Conflict and Confessions

I just walked through the door after a two and a half hour lunch with my mom and sister, and my heart was full. We were in such deep conversation we lost track of time. It was one of those visits where you’re forced to end it because you have to pick up your kids; not because you are eager to leave.

I was standing in the kitchen and saw my mom’s name pop up on my phone. It had been less than an hour since I saw her last. I wondered what she wanted. When I grabbed the phone and said, “Hello?”, my mom’s voice cracked as she said, “Shan? I need to apologize to you.” I was completely caught off guard. As far as I was concerned, she didn’t need to apologize for anything. 

You have to understand something about my mom. She is the one who instilled in me and my siblings a love for God and His Word. It’s not too often my mom has to apologize for anything. I look up to her, respect her, and love her. There is no perfect family, and I’m not trying to paint a picture of perfection when it comes to my mom. We had plenty of mother-daughter conflict when I was growing up. But either way, this confession took me by surprise.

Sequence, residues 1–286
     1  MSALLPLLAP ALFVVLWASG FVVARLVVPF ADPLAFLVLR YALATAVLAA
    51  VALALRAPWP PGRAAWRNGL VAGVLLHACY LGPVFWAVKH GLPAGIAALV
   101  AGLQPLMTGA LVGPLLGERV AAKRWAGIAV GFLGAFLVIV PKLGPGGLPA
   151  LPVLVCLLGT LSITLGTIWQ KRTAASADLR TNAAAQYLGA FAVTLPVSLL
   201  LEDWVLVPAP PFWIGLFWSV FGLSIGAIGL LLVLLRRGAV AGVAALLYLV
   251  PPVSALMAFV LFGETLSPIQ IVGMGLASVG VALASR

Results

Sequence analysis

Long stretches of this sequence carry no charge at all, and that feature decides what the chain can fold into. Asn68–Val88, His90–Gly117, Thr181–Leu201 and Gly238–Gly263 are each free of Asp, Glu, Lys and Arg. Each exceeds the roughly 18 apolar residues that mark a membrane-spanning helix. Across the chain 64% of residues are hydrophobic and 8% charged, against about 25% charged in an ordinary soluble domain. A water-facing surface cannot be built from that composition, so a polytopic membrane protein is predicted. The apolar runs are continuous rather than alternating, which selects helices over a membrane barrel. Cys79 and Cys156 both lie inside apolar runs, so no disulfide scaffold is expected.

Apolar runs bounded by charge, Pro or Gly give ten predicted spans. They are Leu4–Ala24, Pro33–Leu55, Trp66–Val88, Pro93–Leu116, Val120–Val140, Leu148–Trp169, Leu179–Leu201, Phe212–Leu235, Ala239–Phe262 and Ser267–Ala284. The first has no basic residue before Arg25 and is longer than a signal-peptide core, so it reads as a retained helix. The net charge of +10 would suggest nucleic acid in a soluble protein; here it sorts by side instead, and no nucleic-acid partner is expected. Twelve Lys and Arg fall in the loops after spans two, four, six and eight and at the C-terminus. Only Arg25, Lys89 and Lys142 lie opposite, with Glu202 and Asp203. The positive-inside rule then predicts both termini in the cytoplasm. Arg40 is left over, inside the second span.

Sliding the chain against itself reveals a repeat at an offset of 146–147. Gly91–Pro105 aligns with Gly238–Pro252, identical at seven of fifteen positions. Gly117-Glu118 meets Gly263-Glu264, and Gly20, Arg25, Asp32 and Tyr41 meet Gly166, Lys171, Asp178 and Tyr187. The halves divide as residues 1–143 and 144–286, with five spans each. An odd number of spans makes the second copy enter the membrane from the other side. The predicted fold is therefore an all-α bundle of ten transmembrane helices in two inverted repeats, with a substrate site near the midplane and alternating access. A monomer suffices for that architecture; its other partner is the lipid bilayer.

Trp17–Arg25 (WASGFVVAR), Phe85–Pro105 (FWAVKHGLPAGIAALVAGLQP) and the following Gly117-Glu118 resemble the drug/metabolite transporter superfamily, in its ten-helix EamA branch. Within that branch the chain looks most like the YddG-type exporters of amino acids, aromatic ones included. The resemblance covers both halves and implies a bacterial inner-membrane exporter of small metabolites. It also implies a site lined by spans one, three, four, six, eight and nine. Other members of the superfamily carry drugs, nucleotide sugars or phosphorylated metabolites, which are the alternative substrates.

“O’kay?” I said with uncertainty in my voice. My mom began to explain, “For the past few weeks I’ve been assuming some things about you. After spending time with you today, I realize I was wrong. I’m sorry.” Instead of being angry at her, my heart melted with the declaration of her confession and apology. 

My mom and I continued our conversation, and cleared up any misunderstandings. By the time I got off the phone with her, I loved her even more. 

I’m sorry. Those words are powerful, yet they aren’t easy to say. They’re two simple words, yet they have a transforming impact on the giver and the receiver. They’re just words, but they’re neglected all too often. 

This conversation with my mom taught me a valuable lesson. She really didn’t have to apologize because I didn’t have a clue she was upset with me. Well, she did, but she didn’t. Let me explain …

I never would have known my mom was sitting around stewing about me. After our lunch that day, she knew right away she was wrong. She could have let it all go right there and then, and never told me a thing about it. But she didn’t take forgiveness for granted. And if she would have let it go, she would have forsaken Biblical truths.